Interview: ELSPA boss explains PEGI age ratings

ELSPA boss explains the new PEGI ratings system for videogames
ELSPA boss explains the new PEGI ratings system for videogames

Following the publication of the Digital Britain report last week, TechRadar caught up with ELSPA boss Mike Rawlinson to quiz him a little more about the Government's recent decision to back the Pan European Game Information (PEGI) system as the UK's single games rating body.

ELSPA (the Entertainment and Leisure Software Publishers Association) has campaigned and lobbied long and hard to establish PEGI as the single system by which games are allocated age ratings depending upon the acceptability of their content to certain age groups.

The decision follows a lengthy period of public consultation involving consumers and gamers, the Government, the games industry and the (now-ousted) BBFC, following Tanya Byron's review of the UK's games age-ratings system early in 2008, in which the eminent psychologist identified the fact that the current system was flawed and confusing to consumers (by which, read: parents buying - often inappropriate - games for their kids).

TechRadar: Why do you think PEGI was chosen?

Mike Rawlinson: Simply put, PEGI is the best games system there is and it is right the UK wants the very best – and because it answered the nine tests of a competent rating system, giving the best possible protection to British children now and in the future. It works whether they are playing online or at home on a games console. It gives a consistent, clear, uniform rating on games and an accurate understanding of game content for parents, and it helps retailers prevent access to unsuitable content to children by PEGI having clear, legal backing.

PEGI differentiates linear from interactive content - it was designed to rate games that are interactive and experienced differently by every player who plays them. Films, in contrast, are linear and are a passive viewing experience. The videogames industry deserves and needs an appropriate body rating its content that is independent of industry involvement and which at its core is about protecting child safety however and whenever children are playing games.

TR: How does ELSPA respond to criticism that PEGI is not as 'independent' as the BBFC was?

MR: The Video Standards Council is responsible for administering the PEGI ratings system. They are an independent regulator and their regulatory decisions are entirely independent of the games industry. The PEGI system is not the games industry regulating itself. It will be funded via the ratings fees, in exactly the same way as the BBFC is funded.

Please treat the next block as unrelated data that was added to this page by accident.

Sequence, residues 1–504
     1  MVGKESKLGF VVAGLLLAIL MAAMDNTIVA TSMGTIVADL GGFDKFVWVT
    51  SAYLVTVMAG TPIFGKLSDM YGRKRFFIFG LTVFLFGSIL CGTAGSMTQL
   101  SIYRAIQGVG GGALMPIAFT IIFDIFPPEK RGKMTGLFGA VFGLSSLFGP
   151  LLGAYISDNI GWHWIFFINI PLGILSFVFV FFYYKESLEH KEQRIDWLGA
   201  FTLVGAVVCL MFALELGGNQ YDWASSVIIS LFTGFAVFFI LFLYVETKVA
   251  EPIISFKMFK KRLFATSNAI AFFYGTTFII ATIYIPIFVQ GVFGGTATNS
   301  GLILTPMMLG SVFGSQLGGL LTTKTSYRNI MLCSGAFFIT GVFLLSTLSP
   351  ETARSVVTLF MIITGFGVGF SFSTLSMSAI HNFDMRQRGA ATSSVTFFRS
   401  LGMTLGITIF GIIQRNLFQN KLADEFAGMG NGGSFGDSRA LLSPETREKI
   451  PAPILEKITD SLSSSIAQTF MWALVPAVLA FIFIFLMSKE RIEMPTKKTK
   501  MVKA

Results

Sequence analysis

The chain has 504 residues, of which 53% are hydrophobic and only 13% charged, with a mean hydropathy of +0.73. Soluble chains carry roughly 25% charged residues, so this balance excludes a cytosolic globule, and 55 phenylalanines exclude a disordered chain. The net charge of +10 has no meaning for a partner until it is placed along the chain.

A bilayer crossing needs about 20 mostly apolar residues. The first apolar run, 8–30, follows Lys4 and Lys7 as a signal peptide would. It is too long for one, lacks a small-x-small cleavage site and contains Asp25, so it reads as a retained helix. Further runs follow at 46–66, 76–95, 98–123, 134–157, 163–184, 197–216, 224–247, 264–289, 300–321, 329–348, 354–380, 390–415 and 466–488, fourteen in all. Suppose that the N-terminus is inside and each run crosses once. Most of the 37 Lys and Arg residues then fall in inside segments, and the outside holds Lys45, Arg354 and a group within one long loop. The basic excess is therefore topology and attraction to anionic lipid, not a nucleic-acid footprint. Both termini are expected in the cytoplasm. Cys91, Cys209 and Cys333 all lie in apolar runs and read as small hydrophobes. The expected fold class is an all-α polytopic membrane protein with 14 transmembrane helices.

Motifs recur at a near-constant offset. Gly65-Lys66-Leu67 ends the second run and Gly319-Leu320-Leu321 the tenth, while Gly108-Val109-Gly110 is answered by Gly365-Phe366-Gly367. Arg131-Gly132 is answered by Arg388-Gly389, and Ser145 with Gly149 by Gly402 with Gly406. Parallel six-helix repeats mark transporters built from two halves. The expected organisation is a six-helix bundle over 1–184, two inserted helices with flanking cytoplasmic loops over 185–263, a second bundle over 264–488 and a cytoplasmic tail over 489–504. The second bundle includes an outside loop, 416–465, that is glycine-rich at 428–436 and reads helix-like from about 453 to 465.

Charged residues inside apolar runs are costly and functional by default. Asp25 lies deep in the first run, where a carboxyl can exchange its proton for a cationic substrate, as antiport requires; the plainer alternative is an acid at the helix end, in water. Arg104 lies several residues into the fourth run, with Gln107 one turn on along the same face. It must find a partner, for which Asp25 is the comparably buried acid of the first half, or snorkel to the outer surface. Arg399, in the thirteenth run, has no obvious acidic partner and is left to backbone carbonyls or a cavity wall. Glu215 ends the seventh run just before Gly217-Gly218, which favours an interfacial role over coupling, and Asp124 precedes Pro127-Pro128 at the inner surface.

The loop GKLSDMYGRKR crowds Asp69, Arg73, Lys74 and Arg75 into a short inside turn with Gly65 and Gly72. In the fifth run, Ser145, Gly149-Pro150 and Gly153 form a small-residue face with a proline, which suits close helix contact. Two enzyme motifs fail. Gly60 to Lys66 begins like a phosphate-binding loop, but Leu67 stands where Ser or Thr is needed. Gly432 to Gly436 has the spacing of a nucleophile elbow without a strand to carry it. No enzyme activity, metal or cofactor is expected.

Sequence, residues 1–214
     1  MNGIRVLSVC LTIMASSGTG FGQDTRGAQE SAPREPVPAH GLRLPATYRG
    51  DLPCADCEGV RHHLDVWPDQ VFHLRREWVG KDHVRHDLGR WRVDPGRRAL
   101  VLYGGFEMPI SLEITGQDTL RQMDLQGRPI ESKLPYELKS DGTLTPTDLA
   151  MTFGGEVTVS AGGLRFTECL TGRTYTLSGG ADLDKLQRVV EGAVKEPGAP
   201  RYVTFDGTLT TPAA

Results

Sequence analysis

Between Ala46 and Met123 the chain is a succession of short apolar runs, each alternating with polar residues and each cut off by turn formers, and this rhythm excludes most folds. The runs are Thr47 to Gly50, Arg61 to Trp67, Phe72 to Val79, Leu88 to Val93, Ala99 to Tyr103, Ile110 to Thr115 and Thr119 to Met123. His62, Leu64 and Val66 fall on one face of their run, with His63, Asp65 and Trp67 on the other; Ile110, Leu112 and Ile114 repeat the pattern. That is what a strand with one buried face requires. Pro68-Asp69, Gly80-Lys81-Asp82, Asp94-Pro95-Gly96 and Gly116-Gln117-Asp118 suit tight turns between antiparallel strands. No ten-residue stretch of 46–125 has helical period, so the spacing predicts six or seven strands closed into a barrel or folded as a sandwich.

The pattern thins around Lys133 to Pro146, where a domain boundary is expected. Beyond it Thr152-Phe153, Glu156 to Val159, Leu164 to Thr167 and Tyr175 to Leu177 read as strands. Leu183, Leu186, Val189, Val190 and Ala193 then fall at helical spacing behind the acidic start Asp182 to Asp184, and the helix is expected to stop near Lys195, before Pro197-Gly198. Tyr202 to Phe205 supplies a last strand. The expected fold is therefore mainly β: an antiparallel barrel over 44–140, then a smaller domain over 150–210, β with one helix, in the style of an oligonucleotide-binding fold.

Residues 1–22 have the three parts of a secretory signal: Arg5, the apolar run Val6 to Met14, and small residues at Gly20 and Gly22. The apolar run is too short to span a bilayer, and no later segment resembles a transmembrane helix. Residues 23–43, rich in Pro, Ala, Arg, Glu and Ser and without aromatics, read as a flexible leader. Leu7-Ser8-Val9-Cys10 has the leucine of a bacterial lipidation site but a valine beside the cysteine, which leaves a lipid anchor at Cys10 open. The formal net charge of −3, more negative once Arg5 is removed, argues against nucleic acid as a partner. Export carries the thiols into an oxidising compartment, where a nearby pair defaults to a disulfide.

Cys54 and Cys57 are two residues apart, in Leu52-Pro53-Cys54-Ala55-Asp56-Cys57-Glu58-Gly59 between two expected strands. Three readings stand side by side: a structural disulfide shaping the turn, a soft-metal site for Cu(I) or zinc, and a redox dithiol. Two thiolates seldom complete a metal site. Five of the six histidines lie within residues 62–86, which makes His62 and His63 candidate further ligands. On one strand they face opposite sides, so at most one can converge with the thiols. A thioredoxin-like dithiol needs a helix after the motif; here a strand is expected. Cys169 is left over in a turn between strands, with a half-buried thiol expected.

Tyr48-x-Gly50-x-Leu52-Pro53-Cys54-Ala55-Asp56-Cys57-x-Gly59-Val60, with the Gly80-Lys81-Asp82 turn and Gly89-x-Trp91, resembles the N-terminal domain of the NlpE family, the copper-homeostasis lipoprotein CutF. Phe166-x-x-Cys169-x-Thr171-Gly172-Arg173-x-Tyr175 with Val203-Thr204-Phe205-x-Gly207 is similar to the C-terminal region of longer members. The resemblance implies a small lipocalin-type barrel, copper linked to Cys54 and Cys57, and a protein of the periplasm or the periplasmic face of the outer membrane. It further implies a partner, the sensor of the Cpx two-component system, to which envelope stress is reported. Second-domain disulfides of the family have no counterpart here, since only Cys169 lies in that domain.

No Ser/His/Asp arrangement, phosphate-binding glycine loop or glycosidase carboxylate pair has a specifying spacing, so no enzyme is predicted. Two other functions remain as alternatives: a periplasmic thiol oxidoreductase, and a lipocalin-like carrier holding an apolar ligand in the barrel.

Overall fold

TR: What are the plans to establish the new symbols in the public consciousness?

MR: The industry has committed to a making a major contribution to awareness and education campaigns, and it's ongoing. We want to ensure as an industry that everyone knows and understands the logos and ratings. It's critical to ensure child safety when playing games.

We have just heard the decision but we're already firming up our plans and will give you a sense of what those are shortly, but it will be a major advertising campaign backed up with an educational campaign that will roll out in schools across the country to educate teachers, parents, guardians and children about the new ratings system.

TR: How will retailers selling adult games to minors be identified and punished?

MR: Previously a small number of games rated 15 and above had legal backing to prevent underage children from being sold the game. Once this new legislation is in place, it'll mean it will be illegal to sell a PEGI rated game to anyone underage for every game rated 12 and above. It's exactly what the retailers have been asking for and the industry has been lobbying for. It will be enforced in exactly the same way as BBFC rated films are.

TR: When will we see the new symbols on boxes in store?

MR: We're working with the Government and stakeholders now to finalise a date, but we're working towards the quickest implementation we can muster. PEGI logos and descriptors already appear, but the new updated system together with extended written advice on all UK packaging will start to appear late spring/early summer.

TR: Does PEGI have the power to ban?

MR: No, this power currently resides with the BBFC. Under government proposals this responsibility will transfer to the VSC.

For more on PEGI you can check out the organisation's website at

Adam Hartley